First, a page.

Sunday, December 13, 2015

An example of a failed setup

I recently posted a potential long setup which appeared on the Dow (see here for more). With last week's price action, this setup has now been invalidated.

As we can see, price has started moving in the opposite direction to that I was looking to trade, coupled with a sharp jump in the 2ATR volatility measurement.

This type of setup failure has also occurred on a large number of long setups on individual stocks. While the setups originally identified may appeal and meet all my criteria, a lot of them never trigger an entry.

Recently I have further developed my scans to look for the setups I am looking to trade. This has involved codifying more of 'visual characteristics' that I look for in a setup.

This has further leveraged my time in that I now have fewer charts to go through before I decide which stocks make it onto my watchlists.

One thing I have identified in the review of my trading activity for 2015 is that I have failed to trade too many setups that have met my criteria. If anything, my trading activity has been far too light - this is borne out when looking at number of trades I have taken here.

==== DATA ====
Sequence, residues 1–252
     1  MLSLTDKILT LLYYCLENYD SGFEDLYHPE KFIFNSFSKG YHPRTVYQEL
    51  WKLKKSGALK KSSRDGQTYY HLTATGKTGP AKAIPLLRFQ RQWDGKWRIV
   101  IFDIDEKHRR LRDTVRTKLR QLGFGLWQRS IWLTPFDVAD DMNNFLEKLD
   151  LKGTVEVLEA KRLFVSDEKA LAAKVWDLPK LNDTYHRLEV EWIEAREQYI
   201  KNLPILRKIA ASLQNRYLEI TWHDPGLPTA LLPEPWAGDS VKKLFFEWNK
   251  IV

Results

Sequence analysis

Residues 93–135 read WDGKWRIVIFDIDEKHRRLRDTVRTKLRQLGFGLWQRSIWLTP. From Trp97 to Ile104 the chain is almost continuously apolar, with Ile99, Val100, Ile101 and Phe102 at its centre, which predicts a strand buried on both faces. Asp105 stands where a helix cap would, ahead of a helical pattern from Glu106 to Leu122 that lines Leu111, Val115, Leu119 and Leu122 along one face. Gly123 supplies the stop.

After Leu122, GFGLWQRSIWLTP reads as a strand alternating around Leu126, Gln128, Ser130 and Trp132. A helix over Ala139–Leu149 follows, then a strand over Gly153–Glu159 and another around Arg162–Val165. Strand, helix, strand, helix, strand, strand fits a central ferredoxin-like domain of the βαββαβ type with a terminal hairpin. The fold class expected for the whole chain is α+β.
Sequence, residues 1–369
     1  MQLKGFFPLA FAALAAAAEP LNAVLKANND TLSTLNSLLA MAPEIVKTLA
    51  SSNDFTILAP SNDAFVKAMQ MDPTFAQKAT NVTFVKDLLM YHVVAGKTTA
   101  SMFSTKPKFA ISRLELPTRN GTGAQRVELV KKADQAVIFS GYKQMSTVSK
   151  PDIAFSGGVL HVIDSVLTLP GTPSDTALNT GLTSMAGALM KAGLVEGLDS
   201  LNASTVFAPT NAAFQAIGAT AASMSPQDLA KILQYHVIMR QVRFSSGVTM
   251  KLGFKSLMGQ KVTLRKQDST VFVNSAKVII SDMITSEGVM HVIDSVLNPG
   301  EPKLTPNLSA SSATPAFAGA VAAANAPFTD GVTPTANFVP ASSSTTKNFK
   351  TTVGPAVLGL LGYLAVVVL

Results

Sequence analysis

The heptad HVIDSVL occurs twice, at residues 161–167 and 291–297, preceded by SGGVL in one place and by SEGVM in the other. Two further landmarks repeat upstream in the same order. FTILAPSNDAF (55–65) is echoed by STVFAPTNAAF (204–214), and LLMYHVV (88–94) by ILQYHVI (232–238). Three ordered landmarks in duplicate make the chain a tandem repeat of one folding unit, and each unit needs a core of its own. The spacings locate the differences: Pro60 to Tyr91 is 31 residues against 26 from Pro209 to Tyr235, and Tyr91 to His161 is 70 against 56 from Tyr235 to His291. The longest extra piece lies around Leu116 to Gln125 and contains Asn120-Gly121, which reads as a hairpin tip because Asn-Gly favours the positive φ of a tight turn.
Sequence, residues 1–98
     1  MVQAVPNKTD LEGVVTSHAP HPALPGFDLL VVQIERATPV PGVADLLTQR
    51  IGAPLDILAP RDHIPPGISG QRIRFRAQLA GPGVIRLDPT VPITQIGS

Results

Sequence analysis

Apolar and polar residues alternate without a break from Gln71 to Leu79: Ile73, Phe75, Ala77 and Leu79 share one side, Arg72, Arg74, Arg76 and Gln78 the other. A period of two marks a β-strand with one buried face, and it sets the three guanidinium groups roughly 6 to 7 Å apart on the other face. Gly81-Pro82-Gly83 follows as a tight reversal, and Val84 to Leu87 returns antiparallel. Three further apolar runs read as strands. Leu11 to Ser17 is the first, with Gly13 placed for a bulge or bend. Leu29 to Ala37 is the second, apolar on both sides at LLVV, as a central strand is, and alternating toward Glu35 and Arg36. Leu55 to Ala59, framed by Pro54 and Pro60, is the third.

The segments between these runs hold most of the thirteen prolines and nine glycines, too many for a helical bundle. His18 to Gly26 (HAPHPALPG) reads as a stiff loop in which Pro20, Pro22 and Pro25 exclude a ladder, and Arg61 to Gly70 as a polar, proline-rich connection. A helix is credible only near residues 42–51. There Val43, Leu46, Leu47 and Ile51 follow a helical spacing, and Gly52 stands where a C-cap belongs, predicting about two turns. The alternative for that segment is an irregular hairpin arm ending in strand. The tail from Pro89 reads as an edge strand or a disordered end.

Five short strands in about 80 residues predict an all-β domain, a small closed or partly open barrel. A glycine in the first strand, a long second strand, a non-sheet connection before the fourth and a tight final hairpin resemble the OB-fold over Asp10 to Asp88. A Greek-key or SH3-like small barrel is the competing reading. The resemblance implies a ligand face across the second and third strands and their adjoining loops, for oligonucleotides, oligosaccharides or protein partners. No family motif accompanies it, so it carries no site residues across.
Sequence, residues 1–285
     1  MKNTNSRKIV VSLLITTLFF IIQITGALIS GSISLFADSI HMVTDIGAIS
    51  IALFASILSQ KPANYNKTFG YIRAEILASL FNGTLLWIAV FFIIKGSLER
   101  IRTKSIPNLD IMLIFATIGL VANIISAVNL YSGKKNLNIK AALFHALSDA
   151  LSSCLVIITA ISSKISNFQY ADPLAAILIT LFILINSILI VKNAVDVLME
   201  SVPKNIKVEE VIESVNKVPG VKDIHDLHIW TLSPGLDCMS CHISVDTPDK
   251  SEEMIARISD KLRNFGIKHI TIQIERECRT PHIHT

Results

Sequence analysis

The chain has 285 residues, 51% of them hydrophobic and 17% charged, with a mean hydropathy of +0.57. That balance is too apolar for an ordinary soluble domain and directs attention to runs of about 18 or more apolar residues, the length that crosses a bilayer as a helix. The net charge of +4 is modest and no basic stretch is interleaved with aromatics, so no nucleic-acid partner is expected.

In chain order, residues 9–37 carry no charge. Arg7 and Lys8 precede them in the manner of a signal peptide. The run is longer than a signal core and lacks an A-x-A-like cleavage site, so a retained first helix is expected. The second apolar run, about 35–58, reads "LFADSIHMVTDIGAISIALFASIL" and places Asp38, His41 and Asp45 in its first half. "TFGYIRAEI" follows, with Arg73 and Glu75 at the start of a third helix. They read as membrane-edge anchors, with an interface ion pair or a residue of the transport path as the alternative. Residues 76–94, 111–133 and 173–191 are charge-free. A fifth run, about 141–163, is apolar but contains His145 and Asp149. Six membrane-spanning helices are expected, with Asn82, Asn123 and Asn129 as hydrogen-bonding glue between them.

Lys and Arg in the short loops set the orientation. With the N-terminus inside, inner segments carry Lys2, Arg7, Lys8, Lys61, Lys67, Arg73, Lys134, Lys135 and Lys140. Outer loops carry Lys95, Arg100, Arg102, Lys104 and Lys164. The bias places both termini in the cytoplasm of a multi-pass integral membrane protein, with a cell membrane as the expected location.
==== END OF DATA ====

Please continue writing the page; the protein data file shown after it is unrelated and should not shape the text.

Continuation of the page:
This tweaking of my scans should mean that fewer stocks make it onto my watchlist, with the express intention of ensuring that, should a stock trigger an entry, I won't miss taking the trade.

One aspect of what I call 'the magic formula' of trading is that of trading opportunity. Almost certainly, I have been guilty of trading too conservatively in recent times, and haven't taken trades that I should have done. Therefore, the trading opportunity part of that equation has dipped.

I am hopeful that this change will help me correct that issue in 2016.

1 comment:

  1. Thanks for that. I've been too conservative as well. In the US, we've seen a non-trending market (S&P500) but there's been opportunity still.
    Sometimes you gotta wait for a better trend and less whip